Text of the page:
Changing Dynamics in the Western Balkans
Changing Dynamics in the Western Balkans
Report 20 / Europe & Central Asia

State Succession

With the ongoing reconstruction efforts in Bosnia and Herzegovina and plans for the imminent privatisation of a number of industrial enterprises, the question has arisen as to whether the Bosnia and Herzegovina central government or the sub-state entities – Republika Srpska and the Federation of Bosnia and Herzegovina – properly succeed to the immovable assets of the former Socialist Federal Republic of Yugoslavia located on the territory of Bosnia and Herzegovina. This memorandum seeks to answer this question.

Executive Summary

With the ongoing reconstruction efforts in Bosnia and Herzegovina and plans for the imminent privatisation of a number of industrial enterprises, the question has arisen as to whether the Bosnia and Herzegovina central government or the sub-state entities -- Republika Srpska and the Federation of Bosnia and Herzegovina -- properly succeed to the immovable assets of the former Socialist Federal Republic of Yugoslavia located on the territory of Bosnia and Herzegovina.  This memorandum seeks to answer this question.

After reviewing and evaluating the specific facts relating to the dissolution of the former Yugoslavia, the establishment of the state of Bosnia and Herzegovina, the creation of Bosnia’s internal political units, and the modification of those units by the Dayton Peace Accords in light of the public international law of state succession, including the law as represented by the traditional past practice of states, the 1983 Vienna Convention on Succession of States in Respect of State Property, Archives and Debts (1983 Vienna Convention), and recent state practice, this memorandum reaches the following conclusions:

  • Traditional state practice, the 1983 Vienna Convention, and the opinion of the Legal Advisers of the Council of Europe indicate only state entities possess the necessary capacity to succeed to the rights and obligations of the predecessor state.
     
  • Recent state practice in the case of the former Soviet Union, Czechoslovakia and Yugoslavia confirms that only state entities are considered to possess the necessary capacity to succeed to the rights and obligations of the predecessor state.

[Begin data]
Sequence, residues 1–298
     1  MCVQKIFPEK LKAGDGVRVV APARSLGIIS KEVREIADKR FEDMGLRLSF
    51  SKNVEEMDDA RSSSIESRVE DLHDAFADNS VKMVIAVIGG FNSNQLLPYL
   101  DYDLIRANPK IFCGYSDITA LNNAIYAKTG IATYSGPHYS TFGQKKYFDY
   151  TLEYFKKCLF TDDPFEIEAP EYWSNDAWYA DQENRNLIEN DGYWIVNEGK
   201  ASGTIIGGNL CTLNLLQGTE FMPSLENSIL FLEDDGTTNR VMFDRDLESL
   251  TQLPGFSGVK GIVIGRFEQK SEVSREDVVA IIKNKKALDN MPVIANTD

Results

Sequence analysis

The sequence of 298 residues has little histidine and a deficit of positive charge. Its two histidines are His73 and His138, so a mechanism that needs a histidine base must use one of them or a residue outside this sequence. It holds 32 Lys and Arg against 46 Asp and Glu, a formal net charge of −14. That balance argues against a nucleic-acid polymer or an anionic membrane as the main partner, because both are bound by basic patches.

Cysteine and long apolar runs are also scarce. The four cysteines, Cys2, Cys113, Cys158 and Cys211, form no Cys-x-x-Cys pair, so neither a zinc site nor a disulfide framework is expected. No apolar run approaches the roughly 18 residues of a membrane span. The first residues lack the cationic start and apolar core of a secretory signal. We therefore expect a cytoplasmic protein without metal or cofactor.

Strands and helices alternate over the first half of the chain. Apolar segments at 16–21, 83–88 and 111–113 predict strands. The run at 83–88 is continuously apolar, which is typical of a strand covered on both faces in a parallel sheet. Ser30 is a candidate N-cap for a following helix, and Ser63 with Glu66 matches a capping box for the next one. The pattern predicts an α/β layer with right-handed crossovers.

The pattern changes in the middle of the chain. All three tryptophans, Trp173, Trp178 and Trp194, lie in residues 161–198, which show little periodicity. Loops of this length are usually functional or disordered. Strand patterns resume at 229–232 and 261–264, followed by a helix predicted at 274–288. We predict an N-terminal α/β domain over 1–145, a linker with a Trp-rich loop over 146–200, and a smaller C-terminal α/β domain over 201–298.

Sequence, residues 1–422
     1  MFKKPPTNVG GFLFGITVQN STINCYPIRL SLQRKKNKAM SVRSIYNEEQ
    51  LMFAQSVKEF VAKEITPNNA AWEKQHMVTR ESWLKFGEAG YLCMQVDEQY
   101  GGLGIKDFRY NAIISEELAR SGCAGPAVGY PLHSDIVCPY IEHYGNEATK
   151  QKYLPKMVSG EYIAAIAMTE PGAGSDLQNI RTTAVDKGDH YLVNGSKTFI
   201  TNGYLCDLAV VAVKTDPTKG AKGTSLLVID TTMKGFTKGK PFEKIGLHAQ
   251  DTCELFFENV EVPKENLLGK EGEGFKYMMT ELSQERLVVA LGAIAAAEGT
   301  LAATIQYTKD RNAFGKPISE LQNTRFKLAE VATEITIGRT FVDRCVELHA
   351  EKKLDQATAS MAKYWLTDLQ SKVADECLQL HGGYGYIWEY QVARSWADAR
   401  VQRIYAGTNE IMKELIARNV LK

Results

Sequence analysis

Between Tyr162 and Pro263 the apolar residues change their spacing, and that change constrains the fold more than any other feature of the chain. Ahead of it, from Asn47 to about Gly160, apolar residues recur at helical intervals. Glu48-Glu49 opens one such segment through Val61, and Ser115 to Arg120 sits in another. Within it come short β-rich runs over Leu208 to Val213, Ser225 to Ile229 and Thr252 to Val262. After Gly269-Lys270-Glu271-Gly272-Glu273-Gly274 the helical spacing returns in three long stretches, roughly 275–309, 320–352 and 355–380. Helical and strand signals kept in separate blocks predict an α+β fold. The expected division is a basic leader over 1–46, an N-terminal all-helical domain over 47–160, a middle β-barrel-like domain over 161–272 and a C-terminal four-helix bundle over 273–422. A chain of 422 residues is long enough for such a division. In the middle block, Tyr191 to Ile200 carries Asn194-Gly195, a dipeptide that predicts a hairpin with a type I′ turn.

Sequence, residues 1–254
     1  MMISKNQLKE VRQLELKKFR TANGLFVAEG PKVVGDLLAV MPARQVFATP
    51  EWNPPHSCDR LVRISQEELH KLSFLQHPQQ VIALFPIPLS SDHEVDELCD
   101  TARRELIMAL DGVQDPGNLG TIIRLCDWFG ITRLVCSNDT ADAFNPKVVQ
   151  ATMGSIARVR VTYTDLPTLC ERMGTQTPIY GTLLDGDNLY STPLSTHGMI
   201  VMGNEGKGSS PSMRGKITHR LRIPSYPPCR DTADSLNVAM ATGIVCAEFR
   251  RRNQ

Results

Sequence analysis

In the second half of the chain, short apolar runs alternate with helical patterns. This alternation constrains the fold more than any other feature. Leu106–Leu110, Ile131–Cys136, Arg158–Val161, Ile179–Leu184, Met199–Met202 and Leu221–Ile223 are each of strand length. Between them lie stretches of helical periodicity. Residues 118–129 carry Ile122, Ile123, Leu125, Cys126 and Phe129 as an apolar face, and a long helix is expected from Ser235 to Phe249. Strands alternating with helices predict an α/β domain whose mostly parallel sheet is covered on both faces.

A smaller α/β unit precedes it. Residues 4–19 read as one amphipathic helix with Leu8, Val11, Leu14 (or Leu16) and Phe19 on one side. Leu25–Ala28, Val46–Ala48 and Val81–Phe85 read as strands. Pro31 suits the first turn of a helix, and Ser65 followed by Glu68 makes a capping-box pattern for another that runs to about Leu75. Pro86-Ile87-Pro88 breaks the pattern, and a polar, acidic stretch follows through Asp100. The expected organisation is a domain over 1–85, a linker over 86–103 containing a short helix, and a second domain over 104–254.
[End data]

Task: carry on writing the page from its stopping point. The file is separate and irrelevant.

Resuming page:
• Throughout the course of the dissolution of Yugoslavia, the sub-state entities of the Republika Srpska, the Republic of Krajina, and the Bosnian Federation attempted without success to participate in public forums and diplomatic conferences addressing state succession issues.
     
  • The decisions of the European Union Arbitration Commission relating to matters of state succession support the assumption of territorial assets by states and not sub-state entities.
  • World Bank, International Monetary Fund and other lender institution practice supports the assumption of territorial assets by states and not sub-state entities.
     
  • The constitution of Bosnia and Herzegovina adopted as an annex to the Dayton Accords did not express sufficient specific intent to cause the transfer of ownership of territorial assets from the central government to the sub-state entities.

From 1992 until 1995/96 the Republic of Bosnia therefore may be considered to have held title to the territorial assets of the former Yugoslavia located on Bosnian territory.  Given the absence of the articulation of an express transfer of this title from the state of Bosnia to its sub-state entities in the Dayton Accords, title may properly be considered to continue to rest with the central government of Bosnia and Herzegovina.

Changing Dynamics in the Western Balkans

This week on War & Peace, Olga Oliker talks to Crisis Group expert Marko Prelec about the precarious situation in the Western Balkans, as Serb separatism in Bosnia and Herzegovina, and the frozen Kosovo-Serbia dispute continue to stoke regional instability.

The Western Balkans, a region defined in part by not being in the European Union, also contains several countries that were devastated by war in the 1990s. Now it faces new troubles, driven in part by the legacies of the old. Bosnia and Herzegovina is confronted with calls for secession in the autonomous Serb-dominated region, Republika Srpska, as well as the ongoing electoral grievances of its Croat minority. Meanwhile, efforts to resolve Kosovo’s dispute with Serbia over its independence have come to a standstill, leaving minority communities on both sides of the border vulnerable.

This week on War & Peace, Olga Oliker talks to Marko Prelec, Crisis Group’s Consulting Senior Analyst for the Balkans, about why ethnic tensions persist in the region and whether there is any risk of a return to conflict. They discuss the prospects for European integration, asking whether the promise of EU membership remains an effective incentive for resolving these longstanding disputes. They also consider what impact Russia’s invasion of Ukraine has had for stability in the Western Balkans, a region where painful memories of war are still very salient today.



Click here to listen on Apple Podcasts or Spotify.

For more of Crisis Group’s analysis, make sure to check out our Balkans regional page and keep an eye out for our upcoming report on the risk of instability in the Western Balkans.

Subscribe to Crisis Group’s Email Updates

Receive the best source of conflict analysis right in your inbox.